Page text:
Today is Thanksgiving in the United States, which typically means the official kickoff to the holiday season. Today, turkeys will be basted, football will be watched, and politics will be gingerly avoided. Tomorrow, alarms will be set, deals will be sought, and Christmas music will be turned on (I will not accept an alternate opinion on this). And from now until December 25th, we will be in an all-out race to hit every socially-distanced party and bake every treat and wrap every gift and check off every box.
This year’s rush is particularly insidious because it comes at the end of a year we’ll never forget. Pandemics and racial unrest and a volatile election and stay-at-home orders have arrested our attention. We’re weary. We’re worn. And we’re in need of a slow-down of our souls.
That’s why it’s important for us to make an agreement with each other. Right now, before you speed past this post and sneak a sampling of your mom’s chocolate chess pie, make the following commitment:
This year, I will take time to wonder.
If you’re like me, you often get to December 26 and wonder exactly where the time went. Instead of wondering after the fact, why not plan for wonder while we’re in the season? Why try to cram in every last thing rather than unplugging, stepping back, and using this as a time to reflect on the beauty of the incarnation and the marvel that God became man and lived among us? Why try to accept every invitation from everyone else, and miss intentional time with your family? Why get caught up in the trappings of a holiday about Jesus, without ever spending time with Jesus?
In his excellent book The Rest of God, Mark Buchanan says this:
The truly purposeful have an ironic secret: they manage time less and pay attention more. The most purposeful people I know rarely over-manage time, and when they do it’s usually because they’re lapsing into drivenness, into a loss of purpose for which they overcompensate with mere busyness. No, the distinguishing mark of the purposeful is not time management.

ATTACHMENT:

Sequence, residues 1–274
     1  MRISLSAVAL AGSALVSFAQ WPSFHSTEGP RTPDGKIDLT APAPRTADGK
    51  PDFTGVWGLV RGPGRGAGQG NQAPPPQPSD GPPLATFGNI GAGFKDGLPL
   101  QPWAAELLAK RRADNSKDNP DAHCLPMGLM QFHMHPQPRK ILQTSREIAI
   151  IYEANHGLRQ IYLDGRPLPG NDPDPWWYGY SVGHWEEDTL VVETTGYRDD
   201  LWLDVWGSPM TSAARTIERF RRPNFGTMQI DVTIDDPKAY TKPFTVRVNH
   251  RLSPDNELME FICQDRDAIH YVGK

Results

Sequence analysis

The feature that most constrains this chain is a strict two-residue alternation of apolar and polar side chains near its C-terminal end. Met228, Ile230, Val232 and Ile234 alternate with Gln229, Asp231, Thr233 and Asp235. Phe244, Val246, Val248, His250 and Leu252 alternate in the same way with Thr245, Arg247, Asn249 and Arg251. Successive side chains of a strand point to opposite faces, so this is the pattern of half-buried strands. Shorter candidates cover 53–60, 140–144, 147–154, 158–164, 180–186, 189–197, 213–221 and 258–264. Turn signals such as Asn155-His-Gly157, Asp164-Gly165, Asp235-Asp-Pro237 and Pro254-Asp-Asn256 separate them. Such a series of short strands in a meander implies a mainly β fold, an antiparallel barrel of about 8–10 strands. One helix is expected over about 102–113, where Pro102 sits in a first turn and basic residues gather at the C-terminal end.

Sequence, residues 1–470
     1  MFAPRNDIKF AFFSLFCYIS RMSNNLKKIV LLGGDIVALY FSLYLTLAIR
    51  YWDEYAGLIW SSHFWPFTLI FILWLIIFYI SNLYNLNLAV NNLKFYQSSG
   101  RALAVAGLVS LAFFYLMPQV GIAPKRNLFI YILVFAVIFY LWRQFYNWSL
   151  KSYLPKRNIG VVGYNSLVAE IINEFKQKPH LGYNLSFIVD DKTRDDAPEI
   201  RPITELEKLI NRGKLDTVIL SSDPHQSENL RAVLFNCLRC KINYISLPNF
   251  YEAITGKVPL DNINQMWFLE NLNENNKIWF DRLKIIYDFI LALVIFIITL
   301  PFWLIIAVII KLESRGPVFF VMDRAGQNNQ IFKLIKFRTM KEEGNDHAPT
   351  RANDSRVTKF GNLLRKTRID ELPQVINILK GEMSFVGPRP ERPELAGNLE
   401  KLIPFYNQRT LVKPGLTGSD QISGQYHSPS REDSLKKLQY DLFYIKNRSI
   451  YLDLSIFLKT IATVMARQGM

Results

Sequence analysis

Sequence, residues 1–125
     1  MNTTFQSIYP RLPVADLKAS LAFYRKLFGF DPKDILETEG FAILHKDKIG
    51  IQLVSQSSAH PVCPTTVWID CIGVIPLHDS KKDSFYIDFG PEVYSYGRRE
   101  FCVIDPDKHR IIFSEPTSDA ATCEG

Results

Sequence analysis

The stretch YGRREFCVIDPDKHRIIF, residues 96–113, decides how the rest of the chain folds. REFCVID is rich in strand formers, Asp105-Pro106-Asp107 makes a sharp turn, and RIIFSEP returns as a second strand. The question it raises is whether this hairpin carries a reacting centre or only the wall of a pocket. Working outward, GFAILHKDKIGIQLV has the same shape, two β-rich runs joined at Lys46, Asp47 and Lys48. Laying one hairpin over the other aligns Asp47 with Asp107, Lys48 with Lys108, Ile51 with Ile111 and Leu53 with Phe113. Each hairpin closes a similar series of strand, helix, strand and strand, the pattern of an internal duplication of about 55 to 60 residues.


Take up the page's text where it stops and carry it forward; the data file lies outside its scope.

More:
It’s that they notice. They’re fully awake.
How can you pursue of posture of noticing this Christmas season? How can you become “fully awake” when celebrating the coming of the Christ child? How can you take time to wonder?
Here are a seven thoughts to help you slow down and savor:
- Take time to read…really read…the passages about the incarnation:
Micah 5, Isaiah 9, Luke 1-2, and Matthew 2. Don’t skim, but savor. Read and re-read. Read in several different translations. Read them multiple times over the next few weeks. Listen to those passages on your Bible app.
- Sit and stare at the fireplace.
Better yet, go out in the backyard and build a fire pit. There’s something therapeutic about listening to and watching a crackling flame that slows our souls.
- Use an Advent devotional guide or read a related book for a fresh perspective.
This year I’ll be reading Come, Let Us Adore Him by Paul Tripp. I also recommend Hidden Christmas by Tim Keller, Waiting Here for You by Louie Giglio, or God Came Near by Max Lucado.
- Take time to look at your Christmas ornaments again.
Pull out the preschool crafts and proudly display the handmade treasures. Remember the stories behind the stuff that you mindlessly hang on your tree.
- Read a book (or several!) with your kids or grandkids.
My daughter and I keep this as a tradition, going back to her very first Christmas with us. We add a new book to the rotation every year, and work through all of them leading up to the big day. (Here’s a post from a couple of years ago with most of the titles.)
- Write a letter or send an email to a missionary.
Some of them will be spending another year far away from regular traditions and familiarity of the states. Others are still on stateside lockdown, anxiously awaiting for their country to reopen so they can continue the work of the ministry. Thank them for their service for the kingdom and assure them of your prayers in 2021.
- Drive around town and look at Christmas lights.
With so many in-person events cancelled or changed this year, grab a thermos of hot chocolate, crank up the Charlie Brown Christmas playlist, and explore your city while you pray for your neighbors.
Here’s the key to the above suggestions: don’t make them one more thing you have to do. Instead, ferociously protect your calendar from filling up so that these are things you get to do.
How will you take time to wonder this season?
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This post originally appeared on dfranks.com.